South Africa Publishes Paper on Their 2018 Report Card

The South African Report Card Team are authors on a paper, “Results from the Healthy Active Kids South Africa 2018 Report Card,” that was recently published in The South African Journal of Child Health. Citation details and a summary of the paper are below.

DRAPER, C E et al. Results from the Healthy Active Kids South Africa 2018 Report Card. South African Journal of Child Health, [S.l.], v. 13, n. 3, p. 130-136, oct. 2019. ISSN 1999-7671.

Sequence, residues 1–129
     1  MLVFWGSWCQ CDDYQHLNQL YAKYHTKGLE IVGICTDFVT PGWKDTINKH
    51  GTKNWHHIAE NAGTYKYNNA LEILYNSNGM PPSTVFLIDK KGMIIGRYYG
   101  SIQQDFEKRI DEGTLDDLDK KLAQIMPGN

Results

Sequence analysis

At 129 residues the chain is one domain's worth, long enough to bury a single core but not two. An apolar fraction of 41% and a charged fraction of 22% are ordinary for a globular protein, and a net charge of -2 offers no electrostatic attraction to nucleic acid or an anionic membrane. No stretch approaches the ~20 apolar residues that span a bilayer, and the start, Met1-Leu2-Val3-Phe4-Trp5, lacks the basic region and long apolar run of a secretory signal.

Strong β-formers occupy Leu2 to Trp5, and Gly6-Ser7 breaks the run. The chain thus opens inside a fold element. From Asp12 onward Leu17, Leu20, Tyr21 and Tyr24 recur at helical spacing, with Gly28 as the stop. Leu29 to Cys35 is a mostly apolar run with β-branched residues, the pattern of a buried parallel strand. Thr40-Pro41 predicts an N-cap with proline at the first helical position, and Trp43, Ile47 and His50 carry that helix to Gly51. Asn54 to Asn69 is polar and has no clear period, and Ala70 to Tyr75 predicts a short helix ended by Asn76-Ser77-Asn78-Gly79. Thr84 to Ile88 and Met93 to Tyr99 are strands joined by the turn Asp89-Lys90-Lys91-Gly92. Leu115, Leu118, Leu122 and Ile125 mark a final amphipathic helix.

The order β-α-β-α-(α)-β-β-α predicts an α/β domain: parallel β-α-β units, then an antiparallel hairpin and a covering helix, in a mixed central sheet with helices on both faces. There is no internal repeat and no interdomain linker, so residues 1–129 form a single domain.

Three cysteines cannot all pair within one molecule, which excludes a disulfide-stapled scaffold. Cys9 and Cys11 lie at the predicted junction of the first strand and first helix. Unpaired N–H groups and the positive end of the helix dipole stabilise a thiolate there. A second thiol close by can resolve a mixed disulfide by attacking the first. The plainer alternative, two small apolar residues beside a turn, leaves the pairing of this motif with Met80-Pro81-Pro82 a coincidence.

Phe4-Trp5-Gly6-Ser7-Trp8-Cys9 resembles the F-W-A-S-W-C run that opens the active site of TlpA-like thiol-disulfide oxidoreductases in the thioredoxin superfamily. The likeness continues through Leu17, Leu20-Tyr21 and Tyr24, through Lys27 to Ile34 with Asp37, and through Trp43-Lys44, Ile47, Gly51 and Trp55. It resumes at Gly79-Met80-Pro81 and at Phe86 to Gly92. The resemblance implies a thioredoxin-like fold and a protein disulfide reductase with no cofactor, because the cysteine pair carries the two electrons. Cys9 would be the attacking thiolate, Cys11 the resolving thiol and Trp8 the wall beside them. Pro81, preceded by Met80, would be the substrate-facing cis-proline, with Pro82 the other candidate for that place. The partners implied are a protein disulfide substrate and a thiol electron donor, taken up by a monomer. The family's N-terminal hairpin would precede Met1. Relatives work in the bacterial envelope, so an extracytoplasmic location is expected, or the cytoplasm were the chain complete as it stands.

Background. Healthy Active Kids South Africa (HAKSA) Report Cards were produced in 2007, 2010, 2014 and 2016. Objective. The 2018 Report Card aims to report on the latest available evidence relating to the physical activity (PA), nutrition and body composition of South African (SA) children and adolescents. Methods. A review was conducted using the following databases: PubMed; Africa Journals Online; and Africa-Wide (EBSCOhost). Articles published from January 2016 to September 2018 were included for review by the HAKSA scientific advisory group. Data were extracted, and a grade for each indicator was assigned based on the available evidence and the consensus of the scientific advisory group. This included 12 PA indicators, 6 nutrition indicators and 3 body composition indicators. Results. There was no evidence of a significant change in any of the indicators since the 2016 Report Card. Grades for certain indicators have been downgraded (from 2016) to bring these to the attention of relevant stakeholders and industry. These include food insecurity and grades that relate to the implementation of policy on PA and nutrition in the school environment, and on advertising and media relating to nutrition. Conclusion. Key priorities for action include: safe opportunities for physical activity; minimising the gap between policy and implementation (school culture and environment, and government strategies); and the double burden of over- and undernutrition, which relates to the continuing concern about food insecurity in SA. There is a need for further research, including surveillance, on all indicators, for future Report Cards.

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